Meet FDK Florals
Fernando Kabigting is a queer, first-generation Filipino immigrant, who was raised in California, before making his way to New York. FDK Florals is Fernando’s artistic expression that stems from his deep desire to cultivate serene imperfection. Drawing inspiration from his Filipino heritage and incorporating traditional materials, blooms, and basketry techniques, his designs reflect time, space, shape, and seasonality.
We sat down with our friend to learn more about his approach to floral design, the root of his inspiration, and what it means be a Filipino-American in the floral space.
How did you get started in floral design?
I started FDK Florals after a career in advertising and fashion accessories/handbag design. I was drawn to floral design as a form of artistic expression and found that it allowed me to channel my creativity and passion for beauty in new and exciting ways. With my corporate background in design, I was able to leverage my creative brand building experience and bring a new conversation around floral with several fashion brands in New York, establishing FDK Florals as a provider of artful floral arrangements.
Where do you draw inspiration from?
During my first semester of art school, a professor offered some words of wisdom that as a designer the best thing you could do was to live multiple lives to the fullest. Read, research and also immerse yourself with travel, expose yourself to as many different things and then bring those insights to the table and create for yourself or others.
How do you approach your work?
My approach is fairly casual. It starts with a conversation as my team and I design floral moments that are tailored to suit specific times, places, and personalities. We're mindful of the context in which the end result will be seen and create compositions that are beautiful and meaningful. In this way, our floral arrangements become not just decorative elements, but stories in themselves. The process also involves a deep understanding of all materials and an ongoing exercise in a 360 approach that extends from the selection of stems, sourced as locally as possible when available to elements used in part with the mechanics of our installations, that most times are never seen but have a softer hand in nature and have possibility to be reused or repurposed and avoid being additional mass in our landfills.
What is your favorite flower and why?
This shifts based on the growing season. One of my first loves has to be the sampaguita, which just happens to be the national flower of the Philippines and often used in religious and cultural events. My fondness of the flower is linked to how it instantly brings to mind my grandparents' farm in Arayat, Pampanga, where shrubs lined the entry gate. I remember being struck by the flower's petal structure and signature sweet scent. And the scent memory of those flowers is so special that I've grown to not favor sweet floral varieties but still consider the sampaguita one of my favs.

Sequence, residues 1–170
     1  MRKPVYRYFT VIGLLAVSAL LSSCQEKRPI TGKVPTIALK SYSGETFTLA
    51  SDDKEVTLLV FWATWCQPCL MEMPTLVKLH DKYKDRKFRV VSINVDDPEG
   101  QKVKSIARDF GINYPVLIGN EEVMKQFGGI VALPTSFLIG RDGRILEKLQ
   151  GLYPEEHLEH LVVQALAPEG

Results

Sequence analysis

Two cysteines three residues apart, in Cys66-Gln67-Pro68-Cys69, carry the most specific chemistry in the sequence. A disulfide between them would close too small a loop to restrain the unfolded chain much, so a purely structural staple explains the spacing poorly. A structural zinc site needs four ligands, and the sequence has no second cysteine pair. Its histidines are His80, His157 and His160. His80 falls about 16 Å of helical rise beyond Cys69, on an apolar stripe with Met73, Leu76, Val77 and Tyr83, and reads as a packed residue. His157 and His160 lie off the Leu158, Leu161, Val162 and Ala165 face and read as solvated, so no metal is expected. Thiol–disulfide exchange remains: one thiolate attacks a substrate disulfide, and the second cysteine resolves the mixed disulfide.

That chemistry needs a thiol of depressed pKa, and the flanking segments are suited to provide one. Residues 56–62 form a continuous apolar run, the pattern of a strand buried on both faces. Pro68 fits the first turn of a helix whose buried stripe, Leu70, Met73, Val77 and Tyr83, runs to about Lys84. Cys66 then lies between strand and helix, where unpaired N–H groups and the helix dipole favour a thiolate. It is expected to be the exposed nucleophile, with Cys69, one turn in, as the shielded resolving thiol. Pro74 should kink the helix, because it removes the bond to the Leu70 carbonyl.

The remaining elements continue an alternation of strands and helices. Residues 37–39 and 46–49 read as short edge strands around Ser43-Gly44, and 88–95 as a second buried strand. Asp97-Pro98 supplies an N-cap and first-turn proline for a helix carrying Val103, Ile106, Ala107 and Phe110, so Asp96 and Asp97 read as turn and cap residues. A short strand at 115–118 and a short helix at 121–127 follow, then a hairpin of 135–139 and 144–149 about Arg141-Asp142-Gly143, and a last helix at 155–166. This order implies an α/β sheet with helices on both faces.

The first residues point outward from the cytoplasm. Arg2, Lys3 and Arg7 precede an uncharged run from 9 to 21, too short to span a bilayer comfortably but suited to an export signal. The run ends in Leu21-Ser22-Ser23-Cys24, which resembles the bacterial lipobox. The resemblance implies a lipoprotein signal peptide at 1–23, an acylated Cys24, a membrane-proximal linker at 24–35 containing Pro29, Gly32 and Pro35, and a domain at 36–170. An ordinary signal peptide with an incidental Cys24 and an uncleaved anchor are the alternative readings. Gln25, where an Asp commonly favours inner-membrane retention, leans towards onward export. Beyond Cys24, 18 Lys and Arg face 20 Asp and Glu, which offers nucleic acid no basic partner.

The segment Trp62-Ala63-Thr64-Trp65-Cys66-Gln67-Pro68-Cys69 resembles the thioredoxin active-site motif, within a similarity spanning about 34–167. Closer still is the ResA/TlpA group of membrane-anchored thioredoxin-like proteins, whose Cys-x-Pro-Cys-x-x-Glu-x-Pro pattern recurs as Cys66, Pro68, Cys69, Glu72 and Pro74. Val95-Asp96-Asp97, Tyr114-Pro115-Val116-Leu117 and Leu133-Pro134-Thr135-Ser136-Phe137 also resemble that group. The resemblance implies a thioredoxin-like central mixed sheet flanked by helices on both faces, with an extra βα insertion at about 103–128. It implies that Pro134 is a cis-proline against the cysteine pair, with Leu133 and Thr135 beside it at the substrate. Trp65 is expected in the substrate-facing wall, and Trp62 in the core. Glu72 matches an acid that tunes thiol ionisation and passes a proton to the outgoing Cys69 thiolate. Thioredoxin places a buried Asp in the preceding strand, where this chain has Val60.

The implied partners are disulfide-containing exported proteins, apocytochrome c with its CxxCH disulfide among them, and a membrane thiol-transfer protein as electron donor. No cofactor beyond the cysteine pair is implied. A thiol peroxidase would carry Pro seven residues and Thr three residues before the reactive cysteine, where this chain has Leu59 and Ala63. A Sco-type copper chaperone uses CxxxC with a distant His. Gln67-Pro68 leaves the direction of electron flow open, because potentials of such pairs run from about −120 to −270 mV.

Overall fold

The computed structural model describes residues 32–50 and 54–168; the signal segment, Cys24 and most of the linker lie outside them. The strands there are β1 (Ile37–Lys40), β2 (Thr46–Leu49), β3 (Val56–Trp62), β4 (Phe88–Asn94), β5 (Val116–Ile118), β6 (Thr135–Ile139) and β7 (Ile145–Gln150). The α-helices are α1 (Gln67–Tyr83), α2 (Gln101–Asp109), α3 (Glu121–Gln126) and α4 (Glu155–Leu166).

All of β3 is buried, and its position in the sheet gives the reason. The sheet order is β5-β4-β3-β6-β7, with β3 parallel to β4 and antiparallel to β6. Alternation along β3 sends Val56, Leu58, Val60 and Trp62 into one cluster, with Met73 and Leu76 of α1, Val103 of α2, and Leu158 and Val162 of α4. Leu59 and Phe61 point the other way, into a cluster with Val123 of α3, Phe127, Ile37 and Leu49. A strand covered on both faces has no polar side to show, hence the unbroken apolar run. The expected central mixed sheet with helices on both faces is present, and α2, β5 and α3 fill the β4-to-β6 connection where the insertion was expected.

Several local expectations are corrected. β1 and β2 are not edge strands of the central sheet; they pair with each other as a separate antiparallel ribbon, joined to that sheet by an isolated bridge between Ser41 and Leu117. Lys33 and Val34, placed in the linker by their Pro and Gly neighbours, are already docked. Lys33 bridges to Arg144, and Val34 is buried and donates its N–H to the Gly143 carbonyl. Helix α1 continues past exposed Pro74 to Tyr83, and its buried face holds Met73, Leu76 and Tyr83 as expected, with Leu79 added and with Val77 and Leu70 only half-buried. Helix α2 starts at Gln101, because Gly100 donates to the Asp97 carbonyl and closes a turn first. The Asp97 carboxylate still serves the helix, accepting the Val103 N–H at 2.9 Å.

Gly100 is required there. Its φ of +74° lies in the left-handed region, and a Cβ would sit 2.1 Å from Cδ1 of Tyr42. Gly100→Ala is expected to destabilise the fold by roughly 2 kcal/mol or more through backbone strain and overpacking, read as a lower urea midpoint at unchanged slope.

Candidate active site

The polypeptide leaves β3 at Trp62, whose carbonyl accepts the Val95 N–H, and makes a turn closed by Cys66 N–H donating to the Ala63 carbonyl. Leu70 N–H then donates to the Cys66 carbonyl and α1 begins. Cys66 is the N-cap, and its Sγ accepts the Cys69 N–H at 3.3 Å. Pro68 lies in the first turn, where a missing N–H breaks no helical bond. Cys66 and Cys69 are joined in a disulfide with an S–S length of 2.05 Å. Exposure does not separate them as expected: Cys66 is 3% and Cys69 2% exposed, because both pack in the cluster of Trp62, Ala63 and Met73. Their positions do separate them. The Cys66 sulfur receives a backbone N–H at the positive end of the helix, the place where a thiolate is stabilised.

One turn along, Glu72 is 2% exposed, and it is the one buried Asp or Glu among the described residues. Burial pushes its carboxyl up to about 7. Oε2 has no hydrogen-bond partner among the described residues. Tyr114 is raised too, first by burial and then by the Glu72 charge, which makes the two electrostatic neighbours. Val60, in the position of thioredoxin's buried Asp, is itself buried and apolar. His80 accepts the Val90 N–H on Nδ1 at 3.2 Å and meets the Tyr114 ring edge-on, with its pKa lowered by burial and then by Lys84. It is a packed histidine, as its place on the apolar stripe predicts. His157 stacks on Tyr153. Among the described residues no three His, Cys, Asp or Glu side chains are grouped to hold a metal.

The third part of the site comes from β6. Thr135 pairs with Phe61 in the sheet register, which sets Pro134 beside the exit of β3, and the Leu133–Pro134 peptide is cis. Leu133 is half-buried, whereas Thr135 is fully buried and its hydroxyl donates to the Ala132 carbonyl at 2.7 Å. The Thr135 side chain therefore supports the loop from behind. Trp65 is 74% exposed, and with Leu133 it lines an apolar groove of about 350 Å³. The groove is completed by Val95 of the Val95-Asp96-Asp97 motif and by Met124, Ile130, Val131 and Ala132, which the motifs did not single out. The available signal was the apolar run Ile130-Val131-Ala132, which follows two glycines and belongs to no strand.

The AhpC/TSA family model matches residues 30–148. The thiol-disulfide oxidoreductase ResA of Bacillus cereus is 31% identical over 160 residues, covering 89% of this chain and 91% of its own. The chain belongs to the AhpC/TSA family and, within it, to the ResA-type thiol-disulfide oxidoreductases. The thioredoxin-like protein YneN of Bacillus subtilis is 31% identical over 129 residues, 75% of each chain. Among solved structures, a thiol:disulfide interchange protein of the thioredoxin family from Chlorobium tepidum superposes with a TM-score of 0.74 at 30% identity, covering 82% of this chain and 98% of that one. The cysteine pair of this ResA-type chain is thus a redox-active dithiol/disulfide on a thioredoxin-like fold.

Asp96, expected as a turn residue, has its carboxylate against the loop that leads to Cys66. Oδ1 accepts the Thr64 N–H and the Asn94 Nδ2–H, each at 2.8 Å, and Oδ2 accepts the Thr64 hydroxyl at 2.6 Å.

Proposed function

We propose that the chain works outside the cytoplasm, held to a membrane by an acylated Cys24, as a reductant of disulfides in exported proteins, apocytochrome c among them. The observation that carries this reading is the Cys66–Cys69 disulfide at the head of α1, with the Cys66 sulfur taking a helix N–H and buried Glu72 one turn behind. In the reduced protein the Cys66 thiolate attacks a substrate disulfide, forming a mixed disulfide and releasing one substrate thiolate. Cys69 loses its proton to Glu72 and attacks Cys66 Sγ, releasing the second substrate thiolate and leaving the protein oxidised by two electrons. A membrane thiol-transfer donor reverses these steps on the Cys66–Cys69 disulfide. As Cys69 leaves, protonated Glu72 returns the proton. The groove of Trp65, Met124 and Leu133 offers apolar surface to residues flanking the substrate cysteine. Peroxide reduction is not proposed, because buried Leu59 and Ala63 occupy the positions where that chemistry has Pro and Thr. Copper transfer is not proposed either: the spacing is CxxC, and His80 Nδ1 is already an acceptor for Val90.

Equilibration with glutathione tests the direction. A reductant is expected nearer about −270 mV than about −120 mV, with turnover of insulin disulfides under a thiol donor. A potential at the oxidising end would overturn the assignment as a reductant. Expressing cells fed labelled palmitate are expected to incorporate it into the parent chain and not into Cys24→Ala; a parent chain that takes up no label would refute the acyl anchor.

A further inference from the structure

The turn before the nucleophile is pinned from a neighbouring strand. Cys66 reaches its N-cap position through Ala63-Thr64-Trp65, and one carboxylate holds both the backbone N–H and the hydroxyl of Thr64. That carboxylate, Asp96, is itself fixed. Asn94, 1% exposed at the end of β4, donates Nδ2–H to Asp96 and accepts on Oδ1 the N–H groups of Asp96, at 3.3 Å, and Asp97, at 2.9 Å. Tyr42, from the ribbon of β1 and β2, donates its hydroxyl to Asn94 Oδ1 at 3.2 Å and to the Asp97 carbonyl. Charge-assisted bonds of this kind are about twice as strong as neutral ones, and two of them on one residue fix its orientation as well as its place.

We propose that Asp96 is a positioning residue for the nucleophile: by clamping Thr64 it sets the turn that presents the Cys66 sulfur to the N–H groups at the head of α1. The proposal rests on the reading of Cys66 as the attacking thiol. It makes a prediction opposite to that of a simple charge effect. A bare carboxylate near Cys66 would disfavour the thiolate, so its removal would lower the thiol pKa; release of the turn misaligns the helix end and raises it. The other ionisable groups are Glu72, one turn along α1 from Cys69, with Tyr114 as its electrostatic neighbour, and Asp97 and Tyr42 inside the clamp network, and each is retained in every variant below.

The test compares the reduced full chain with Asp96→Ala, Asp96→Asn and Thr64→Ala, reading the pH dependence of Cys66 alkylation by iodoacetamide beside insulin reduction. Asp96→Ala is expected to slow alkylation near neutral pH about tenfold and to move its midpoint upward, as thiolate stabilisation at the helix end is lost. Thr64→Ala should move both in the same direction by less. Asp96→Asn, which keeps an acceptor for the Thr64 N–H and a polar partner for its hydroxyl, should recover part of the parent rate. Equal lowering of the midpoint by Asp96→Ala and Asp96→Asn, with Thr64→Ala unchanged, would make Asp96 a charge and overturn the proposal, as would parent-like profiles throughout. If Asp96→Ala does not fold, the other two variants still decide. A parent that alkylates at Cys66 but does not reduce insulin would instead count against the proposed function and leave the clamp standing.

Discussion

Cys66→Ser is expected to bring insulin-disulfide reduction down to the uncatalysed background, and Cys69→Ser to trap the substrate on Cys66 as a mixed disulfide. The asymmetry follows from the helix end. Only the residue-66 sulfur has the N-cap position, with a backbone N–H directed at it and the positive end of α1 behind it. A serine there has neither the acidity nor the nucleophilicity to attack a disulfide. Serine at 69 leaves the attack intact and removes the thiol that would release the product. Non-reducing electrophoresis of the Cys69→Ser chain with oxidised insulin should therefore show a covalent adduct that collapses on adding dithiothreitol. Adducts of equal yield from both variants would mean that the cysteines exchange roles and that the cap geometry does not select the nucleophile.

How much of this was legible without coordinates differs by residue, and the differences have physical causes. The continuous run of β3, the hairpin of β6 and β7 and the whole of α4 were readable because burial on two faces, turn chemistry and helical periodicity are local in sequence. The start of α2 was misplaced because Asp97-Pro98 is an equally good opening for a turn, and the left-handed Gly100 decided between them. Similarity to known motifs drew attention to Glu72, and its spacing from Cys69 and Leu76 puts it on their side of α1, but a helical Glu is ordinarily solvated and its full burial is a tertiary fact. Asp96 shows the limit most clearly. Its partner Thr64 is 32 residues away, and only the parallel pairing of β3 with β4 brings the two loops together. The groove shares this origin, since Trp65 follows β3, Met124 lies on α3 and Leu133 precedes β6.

How has your Filipino heritage influenced FDK Florals?
Filipinos have a love of life and my work is colored with that same approach. Having been raised in a large immediate and extended Filipino family, our heritage has played a significant role in all that I've done and continue to do. Our strong emphasis on family, community, and celebration in Filipino culture are folded into FDK Floral's approach to creating personal, meaningful designs for clients' events and milestones. There's an attention to detail and craftsmanship evident in Filipino handiwork continually provides a rich cultural context and is a source that deepens my works aesthetic sensibility.
What does it mean to you to be queer and first generation Filipino-American in the floral space?
Being a proudly queer and first generation Filipino-American has created the possibility for me to reflect and celebrate the beauty and diversity of the Filipino culture, such as incorporating traditional Filipino materials and blooms or using Filipino basketry techniques. It also opens up the possibility to assist in highlighting the work of other queer and/or FilAm's, as well as creating space and mentoring young designers.
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